The Lakewood, NJ, township schools will lay off 39 district employees under a $138 million budget approved by the Board of Education yesterday. The budget carries a $72.4 million tax levy. It is expected to pay for such technology infrastructure improvements as broadband cable and new telephones as well as boost tuition funding by more than 26 percent, school officials said.
The tax levy would raise the tax rate 4 percent, or 3.4 cents per $100 of assessed property value. The owner of a house valued at $350,000 would pay $119 more in school tax. Voters will decide on the budget’s tax levy April 21.
The layoffs for next school year are expected to affect elementary, foreign language and special education teachers, administrators said. They are not expected to involve core departments such as literacy or math, Assistant Superintendent William Andersen said.
Superintendent Eugenia Lawson said the reductions would not hurt the district’s efforts to meet state standards.
“We had to look at cost-saving measures,” Lawson said. “We had to give a budget that the county would approve.”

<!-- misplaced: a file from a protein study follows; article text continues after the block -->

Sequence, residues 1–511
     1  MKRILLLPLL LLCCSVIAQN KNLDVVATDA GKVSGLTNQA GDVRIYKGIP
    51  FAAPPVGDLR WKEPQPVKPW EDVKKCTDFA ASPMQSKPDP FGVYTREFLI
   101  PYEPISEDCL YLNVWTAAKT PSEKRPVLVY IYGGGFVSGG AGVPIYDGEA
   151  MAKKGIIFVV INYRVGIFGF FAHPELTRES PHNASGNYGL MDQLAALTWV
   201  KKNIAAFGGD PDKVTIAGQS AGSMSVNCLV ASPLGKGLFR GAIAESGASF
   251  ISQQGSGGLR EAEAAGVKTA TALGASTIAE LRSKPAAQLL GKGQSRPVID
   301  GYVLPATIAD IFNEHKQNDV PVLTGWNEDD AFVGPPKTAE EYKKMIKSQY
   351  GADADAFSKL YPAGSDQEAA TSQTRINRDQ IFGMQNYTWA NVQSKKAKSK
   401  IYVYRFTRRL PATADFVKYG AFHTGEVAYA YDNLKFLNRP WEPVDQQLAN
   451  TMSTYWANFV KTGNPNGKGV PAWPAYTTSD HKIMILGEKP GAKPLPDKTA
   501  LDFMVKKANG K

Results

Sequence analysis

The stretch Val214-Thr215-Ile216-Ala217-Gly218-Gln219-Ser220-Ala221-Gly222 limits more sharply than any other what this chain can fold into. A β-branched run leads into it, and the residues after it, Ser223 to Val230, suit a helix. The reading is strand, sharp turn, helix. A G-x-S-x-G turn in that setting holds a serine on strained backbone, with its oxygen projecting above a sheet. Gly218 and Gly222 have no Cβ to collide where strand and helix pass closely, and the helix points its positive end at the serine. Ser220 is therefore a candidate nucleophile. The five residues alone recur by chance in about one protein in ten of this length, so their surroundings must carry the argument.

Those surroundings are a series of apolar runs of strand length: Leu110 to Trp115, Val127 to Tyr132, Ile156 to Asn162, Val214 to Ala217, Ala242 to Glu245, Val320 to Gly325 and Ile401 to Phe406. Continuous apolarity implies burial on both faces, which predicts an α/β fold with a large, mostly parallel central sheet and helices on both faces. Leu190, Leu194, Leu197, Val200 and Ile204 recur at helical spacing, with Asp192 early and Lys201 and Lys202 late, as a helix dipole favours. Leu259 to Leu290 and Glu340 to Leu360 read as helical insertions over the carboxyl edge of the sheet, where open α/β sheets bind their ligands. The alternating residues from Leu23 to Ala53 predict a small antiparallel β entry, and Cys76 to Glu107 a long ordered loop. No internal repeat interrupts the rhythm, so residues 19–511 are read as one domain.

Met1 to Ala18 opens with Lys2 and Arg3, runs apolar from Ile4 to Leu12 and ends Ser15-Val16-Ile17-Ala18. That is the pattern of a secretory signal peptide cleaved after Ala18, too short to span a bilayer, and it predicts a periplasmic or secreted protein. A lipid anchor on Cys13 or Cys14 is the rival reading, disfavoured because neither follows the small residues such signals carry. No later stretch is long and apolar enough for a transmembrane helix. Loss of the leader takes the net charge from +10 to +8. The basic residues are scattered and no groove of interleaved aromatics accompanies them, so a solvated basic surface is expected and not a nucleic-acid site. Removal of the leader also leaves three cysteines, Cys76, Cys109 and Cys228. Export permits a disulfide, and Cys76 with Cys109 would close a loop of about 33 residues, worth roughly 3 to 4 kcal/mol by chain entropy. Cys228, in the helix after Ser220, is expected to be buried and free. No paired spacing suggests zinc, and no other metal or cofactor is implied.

Starting the public hearing an hour late, the six board members voted unanimously in favor of the budget. District Business Administrator Robert Finger said additional federal stimulus money – expected to be about $8 million – has prevented a higher tax rate increase, despite a leveling out in state aid at $27 million, about the same as last year.
The $100.4 million in appropriations will dole out $16.44 million for out-of-district tuition, about $3.4 million more than last year.
The budget will spend more on attendance, social work, operations and maintenance while spending less on instruction, health services, employee benefits and the general administration.
Still, instruction, which will get $29 million, remains by far the biggest beneficiary of the budget.
The total cost per pupil will drop slightly and remain below the state’s 2008-09 average.
Overall, spending is expected to jump by $3.4 million from last year, or 3.5 percent.
Administrators said they also are looking to phase out German as a foreign language to put more focus on languages most used in the township, such as Spanish.